The other day, I got the chance to chat with Ray Toro (former guitarist for My Chemical Romance and now budding solo artist) about the new album, being a vocalist, and . Aside from being a talented musician, Ray is a genuinely cool person. Check out the interview below!
Remember The Laughter, out November 18, is excellent, so be sure to keep an eye out for a review closer to the release date!
Indientry: How are you? How’s your family?
Ray Toro: They’re great! Everyone’s good, my son is in school now. It’s just cool, when you become a parent, how quickly they grow, everybody says it. They go through these crazy spurts of brain growth, where you can see their mind is expanding, the things they’re taking in from their environment, their conversation becomes that much more intelligent and deep and they ask tons of questions. Yeah, he’s doing great, my wife is great, everybody’s good.
I: That’s awesome! Do they ever influence your music or this album?
RT: Oh yeah, I mean, I think that was probably where I was becoming a parent and the conversations that I have with my wife, it played a huge role in the songs, the lyrics. It’s weird, I almost feel like I wouldn’t have anything to write about or to sing about if I didn’t have my family with me through the whole process. Because of my wife’s work, we end up having conversations about the state of the world, and how we’re gonna handle it, how we talk to our kid about it. You know, you go through all of these different changes. The record just wouldn’t exist at all if it weren’t for them. I would say for sure, they were the biggest influence of anything.
I: That’s really cool. As of yesterday, The Black Parade is 10 years old. Looking back, is there anything about the album or the process that still has an influence on you?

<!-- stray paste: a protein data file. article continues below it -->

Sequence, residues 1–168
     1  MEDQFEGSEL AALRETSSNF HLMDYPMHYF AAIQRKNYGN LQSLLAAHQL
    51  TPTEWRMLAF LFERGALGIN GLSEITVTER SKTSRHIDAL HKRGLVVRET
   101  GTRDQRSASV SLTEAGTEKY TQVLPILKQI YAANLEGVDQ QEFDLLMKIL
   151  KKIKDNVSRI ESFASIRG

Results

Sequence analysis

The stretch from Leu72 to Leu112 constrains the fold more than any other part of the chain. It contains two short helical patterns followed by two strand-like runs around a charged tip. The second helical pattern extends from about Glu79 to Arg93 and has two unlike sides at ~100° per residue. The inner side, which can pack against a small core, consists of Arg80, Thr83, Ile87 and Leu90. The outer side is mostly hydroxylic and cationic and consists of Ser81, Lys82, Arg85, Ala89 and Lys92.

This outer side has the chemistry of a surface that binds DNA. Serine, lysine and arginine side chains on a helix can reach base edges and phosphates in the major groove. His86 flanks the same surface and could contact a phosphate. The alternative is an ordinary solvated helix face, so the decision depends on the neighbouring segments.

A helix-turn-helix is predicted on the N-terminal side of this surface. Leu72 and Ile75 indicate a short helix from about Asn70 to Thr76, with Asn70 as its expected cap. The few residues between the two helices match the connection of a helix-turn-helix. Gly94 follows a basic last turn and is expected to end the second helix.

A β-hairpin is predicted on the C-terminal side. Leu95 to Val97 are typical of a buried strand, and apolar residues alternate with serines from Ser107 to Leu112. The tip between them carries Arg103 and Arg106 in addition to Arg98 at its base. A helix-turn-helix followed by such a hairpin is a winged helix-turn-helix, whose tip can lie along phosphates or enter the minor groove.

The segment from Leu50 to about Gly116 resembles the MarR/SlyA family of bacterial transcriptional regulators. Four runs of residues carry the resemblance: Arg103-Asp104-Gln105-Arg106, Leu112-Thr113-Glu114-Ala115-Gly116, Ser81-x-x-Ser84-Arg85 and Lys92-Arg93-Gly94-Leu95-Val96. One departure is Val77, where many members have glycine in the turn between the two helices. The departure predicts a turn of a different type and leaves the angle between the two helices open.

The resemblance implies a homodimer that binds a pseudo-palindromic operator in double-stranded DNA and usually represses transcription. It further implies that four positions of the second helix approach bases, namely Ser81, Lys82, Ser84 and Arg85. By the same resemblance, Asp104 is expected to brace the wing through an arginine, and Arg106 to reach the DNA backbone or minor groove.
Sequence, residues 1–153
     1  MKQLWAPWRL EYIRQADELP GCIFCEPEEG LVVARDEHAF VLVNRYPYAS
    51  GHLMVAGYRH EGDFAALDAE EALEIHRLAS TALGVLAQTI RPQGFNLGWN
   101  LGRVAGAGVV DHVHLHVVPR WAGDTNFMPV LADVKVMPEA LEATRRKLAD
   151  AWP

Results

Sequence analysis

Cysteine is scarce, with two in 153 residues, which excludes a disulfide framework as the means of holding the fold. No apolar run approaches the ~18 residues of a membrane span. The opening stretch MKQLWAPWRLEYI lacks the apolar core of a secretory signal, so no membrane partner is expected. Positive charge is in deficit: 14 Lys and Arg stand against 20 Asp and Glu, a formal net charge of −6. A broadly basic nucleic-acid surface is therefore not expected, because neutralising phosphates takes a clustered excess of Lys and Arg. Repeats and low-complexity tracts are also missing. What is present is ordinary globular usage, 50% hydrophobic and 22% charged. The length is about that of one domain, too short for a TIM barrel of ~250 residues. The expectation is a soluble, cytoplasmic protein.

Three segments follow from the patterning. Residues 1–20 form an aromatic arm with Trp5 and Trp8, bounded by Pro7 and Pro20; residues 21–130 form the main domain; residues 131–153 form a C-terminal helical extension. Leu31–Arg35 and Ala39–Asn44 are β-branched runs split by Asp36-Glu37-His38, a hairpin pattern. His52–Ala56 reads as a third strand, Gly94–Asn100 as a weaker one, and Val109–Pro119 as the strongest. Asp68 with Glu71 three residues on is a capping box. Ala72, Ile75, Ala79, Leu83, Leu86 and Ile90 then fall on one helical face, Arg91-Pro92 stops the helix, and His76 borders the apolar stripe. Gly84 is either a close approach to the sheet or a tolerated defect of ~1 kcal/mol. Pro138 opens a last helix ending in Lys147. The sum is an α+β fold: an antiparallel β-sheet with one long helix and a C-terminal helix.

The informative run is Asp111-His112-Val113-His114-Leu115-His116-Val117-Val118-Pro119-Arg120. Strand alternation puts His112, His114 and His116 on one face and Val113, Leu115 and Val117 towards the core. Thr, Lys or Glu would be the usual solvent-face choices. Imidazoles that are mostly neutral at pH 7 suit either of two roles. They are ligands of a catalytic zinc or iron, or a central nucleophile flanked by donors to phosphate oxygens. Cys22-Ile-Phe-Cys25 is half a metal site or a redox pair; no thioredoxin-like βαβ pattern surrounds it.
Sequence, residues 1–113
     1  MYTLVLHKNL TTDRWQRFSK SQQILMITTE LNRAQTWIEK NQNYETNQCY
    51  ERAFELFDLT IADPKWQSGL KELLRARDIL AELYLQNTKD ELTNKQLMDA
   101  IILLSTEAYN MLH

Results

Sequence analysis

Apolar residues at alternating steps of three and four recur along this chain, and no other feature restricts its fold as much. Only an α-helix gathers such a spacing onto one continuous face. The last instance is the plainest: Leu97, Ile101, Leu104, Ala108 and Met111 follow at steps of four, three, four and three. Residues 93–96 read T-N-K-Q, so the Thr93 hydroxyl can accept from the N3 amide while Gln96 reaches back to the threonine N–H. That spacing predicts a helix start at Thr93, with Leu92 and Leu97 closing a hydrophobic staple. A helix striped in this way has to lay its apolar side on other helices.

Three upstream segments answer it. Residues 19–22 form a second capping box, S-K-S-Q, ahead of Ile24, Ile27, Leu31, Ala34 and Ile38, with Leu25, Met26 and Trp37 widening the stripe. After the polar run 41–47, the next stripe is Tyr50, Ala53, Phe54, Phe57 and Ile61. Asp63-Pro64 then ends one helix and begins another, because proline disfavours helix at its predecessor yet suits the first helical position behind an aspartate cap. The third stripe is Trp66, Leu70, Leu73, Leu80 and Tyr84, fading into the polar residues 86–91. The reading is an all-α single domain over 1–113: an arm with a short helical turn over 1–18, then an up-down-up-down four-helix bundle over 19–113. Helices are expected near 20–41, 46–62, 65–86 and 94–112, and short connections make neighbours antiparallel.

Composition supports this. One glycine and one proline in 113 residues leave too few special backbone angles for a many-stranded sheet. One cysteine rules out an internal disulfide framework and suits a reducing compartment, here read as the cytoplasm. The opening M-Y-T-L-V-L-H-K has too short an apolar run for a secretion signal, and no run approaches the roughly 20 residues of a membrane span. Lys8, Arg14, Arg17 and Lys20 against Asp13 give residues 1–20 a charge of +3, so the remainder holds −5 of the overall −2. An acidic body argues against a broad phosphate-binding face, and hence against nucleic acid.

RT: I think if anything, that the time period was a time of great musical experimentation, so kind of the willingness to try anything and push yourself to new heights or new levels. I think that was something that we had to do as a band while we were coming off of Revenge to make that record the way we did, to have a fearlessness to not worry about what came before and not worry about what people may say about what we were working on and just do it. I feel like I’ve brought that to this record as well, where there may be certain expectations or not, based on my work with My Chem, and I think it’s important for each of us, as solo artists, it’s an opportunity to show our songwriting craft and our sensibilities and what we’re capable of. We’re all very different, we’re all each individuals in the way that we play our instruments, the music that we’re into. I think that was something that’s always stuck with me from that period of the band and The Black Parade, is just sort of when you’re writing music and making music, do whatever feels good in that moment and don’t worry about anything else.
I: That’s really interesting, I was just about to ask about how this record is different from what people expected, from their preconceived notions that relate back to your My Chem days.
RT: Yeah, it was nothing like, it wasn’t something that I did on purpose, that’s just how I write. I guess I answered this a little bit before, but we’re getting the chance to see a lot more sides of each person. When a band comes together, everybody works together and brings their own elements to that entire whole. And I think that when each of us as individuals step out and do our own thing, you just get to see more of that, and our individual ideas get to be explored further. That was exciting for me, I can’t wait for people to hear it because I’ve been working on it for a while. I do like that aspect of it, that people may have an expectation and I like the idea of breaking those expectations. Whether the response is good or not, any kind of reaction is good. I’m very excited to see what people think, and I can’t wait to get it out into the world.